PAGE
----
McKenzie Milton: The Greatest Player in UCF History

Photo by Sarah Kelliher.

Perhaps the greatest take of my young sports journalism career was the declaration that McKenzie Milton would be benched.

I had seen enough in 2016, and obviously the coaching staff had too. He made poor decisions. He struggled to throw the ball downfield. The offense had unraveled around him and culminated with an abysmal Cure Bowl performance to finish the year 6-7.

The McKenzie Milton Experiment is over. Let’s go get a real quarterback now.

The 2017 UCF team had a lot of potential. Everyone knew that. But having the right quarterback was obviously key, and my money was on Noah Vedral. Frost’s newest QB recruit seemed to be everything Milton wasn’t: a bigger body, a great arm, loads of potential. I felt sure that the Knights could have a 9-3 or 10-2 year behind him.

Even when Milton was named the starter for the opener against FIU, I wasn’t surprised. Give him another game to try to prove himself. He’ll fail, and Vedral will get the nod within a couple weeks.

Sitting in the press box for the FIU game, our writer Bailey Adams, who was a big Milton supporter and did not enjoy my takes about him, told me that he would have at least 250 passing yards by the end of the game. I laughed. Sure, man. He had broken that mark just twice as a freshman, but sure.

360 passing yards on a 76 percent completion rate. Four touchdowns. A 44-point win.

Welp. Time to delete some tweets.

That night kicked off a 25-game stretch where McKenzie Milton was the indisputable king of college football. He was unstoppable, a force unlike anything that I’d ever seen. It’s the 21st century, we’ve gotten plenty of versatile quarterbacks who can make things happen with their legs.

But Milton was something else entirely. Defenses were helpless. There was no game plan, no set of players, no team that could shut him down.

Look at the Peach Bowl. The passing game wasn’t there in the first half. Everyone was just a little off, which was understandable since it was the biggest game any of UCF’s guys had ever played in.

That could’ve been catastrophic for any team in a game that big, against an opponent that tough. Not for Milton. He ran all over Auburn, finishing the day with 116 rushing yards and a score, not to mention adding 242 yards and two touchdowns through the air when he settled down in the second half and started lasering the ball downfield.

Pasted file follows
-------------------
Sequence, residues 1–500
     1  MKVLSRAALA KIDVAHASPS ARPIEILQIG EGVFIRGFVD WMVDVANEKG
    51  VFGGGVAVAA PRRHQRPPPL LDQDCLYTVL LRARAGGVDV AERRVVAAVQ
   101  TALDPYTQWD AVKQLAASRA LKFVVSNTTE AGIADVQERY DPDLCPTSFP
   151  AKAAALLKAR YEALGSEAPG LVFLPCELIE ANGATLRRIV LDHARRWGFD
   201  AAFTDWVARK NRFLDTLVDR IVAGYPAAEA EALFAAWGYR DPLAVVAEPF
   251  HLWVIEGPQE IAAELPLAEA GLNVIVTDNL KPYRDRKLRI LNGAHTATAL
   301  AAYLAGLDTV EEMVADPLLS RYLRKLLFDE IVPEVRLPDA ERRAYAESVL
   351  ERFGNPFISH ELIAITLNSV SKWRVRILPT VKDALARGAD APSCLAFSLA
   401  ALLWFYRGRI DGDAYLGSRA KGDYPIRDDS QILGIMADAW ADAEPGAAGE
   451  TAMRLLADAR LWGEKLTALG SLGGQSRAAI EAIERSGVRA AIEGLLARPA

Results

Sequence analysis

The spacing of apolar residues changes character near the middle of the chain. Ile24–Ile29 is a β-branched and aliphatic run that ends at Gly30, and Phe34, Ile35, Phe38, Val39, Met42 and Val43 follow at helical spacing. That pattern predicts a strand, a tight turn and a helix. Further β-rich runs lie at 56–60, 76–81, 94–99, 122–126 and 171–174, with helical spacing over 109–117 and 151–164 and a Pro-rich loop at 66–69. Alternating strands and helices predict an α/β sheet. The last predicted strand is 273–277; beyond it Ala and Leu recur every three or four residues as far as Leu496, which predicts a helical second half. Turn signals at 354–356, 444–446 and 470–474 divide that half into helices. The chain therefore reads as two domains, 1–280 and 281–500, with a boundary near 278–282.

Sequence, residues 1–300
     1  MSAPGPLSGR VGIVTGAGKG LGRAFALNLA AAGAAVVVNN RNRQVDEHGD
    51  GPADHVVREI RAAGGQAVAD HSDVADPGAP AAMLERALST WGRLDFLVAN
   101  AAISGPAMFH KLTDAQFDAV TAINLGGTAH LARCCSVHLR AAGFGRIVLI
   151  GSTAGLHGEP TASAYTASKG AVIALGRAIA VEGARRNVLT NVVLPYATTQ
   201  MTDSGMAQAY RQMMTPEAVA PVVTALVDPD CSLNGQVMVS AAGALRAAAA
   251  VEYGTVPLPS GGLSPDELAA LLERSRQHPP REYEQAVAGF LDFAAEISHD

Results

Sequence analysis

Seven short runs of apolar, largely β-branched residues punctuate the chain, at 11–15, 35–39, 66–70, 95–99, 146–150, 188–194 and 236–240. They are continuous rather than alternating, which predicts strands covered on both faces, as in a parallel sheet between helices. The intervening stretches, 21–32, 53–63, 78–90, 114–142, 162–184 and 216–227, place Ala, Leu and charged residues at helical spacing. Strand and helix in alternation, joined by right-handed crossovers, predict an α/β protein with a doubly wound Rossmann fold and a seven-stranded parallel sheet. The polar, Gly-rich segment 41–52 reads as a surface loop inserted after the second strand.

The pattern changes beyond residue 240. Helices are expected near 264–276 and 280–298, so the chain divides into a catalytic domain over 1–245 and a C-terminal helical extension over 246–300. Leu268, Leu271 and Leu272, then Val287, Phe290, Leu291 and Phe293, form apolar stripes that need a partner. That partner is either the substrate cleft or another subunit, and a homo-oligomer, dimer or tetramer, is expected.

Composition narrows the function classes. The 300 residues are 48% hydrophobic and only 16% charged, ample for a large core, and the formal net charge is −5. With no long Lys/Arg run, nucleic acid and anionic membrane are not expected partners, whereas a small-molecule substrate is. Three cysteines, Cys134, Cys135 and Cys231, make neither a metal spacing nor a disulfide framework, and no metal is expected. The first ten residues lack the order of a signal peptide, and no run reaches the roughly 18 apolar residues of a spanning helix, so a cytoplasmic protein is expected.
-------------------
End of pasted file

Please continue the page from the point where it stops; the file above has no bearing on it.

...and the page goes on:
Even against Top 10 teams, there just was not an answer for him. For almost two full years, he was unstoppable. And that made UCF unstoppable.

I don’t really want to get into the injury here. Everything you need to know about it is out there and it was a horrible day for all of us. So instead, I want to talk about legacy.

My dad went to UCF. I was born and raised in Orlando. I’ve been going to UCF games since before I could speak and this school, and team, has always been a part of my life (even when very young me had a tendency to fall asleep at games. Four hours outdoors is a lot to ask of a 10-year-old.)

There were plenty of great moments in this program’s history before Milton arrived, from beating Alabama at their homecoming, to knocking off Georgia in a bowl, to winning the Fiesta Bowl in the only year the Knights had access to a major bid.

But when you grow up as a UCF fan at a high school where everyone else is a Gator or a Seminole, when you have to explain what team you’re talking about to anyone from out of town (“Oh! You mean Central Florida!) you can’t help but dream of what could be.

Anyone who’s been a fan of this team for a long time remembers the “Sleeping Giant” talks, the dreams of future potential. We all knew what this program could become.

It took McKenzie Milton for all those dreams to come true.

UCF had no business going undefeated two years after finishing winless. The Knights had no business winning 25 games in a row, hosting College GameDay and knocking off big team after big team in the wake of an entire coaching staff change.

But when McKenzie Milton is your quarterback, there’s no point in thinking about what your team can’t accomplish, because the answer is nothing.

I don’t know what’s next for Milton, what school is about to land a player that finished Top Eight in Heisman voting twice. But I do know that this fanbase will never forget what he did here. They’ll never forget the many amazing wins, the highlight plays that took over Twitter and SportsCenter, or when 45,000 members of Knight Nation showed their support with leis in the Bounce House.

UCF’s future is very bright. I can’t wait to see what comes next and what amazing heights Dillon Gabriel can lead this program to.

But no matter how many years go by, we will never forget McKenzie Milton. The player that I wanted benched, who made every dream that fans had for this team come true instead.



About Christian Simmons 108 Articles
Christian Simmons is the founder and editor of Knight Sports Now. You can follow him on Twitter at @ByCASimmons.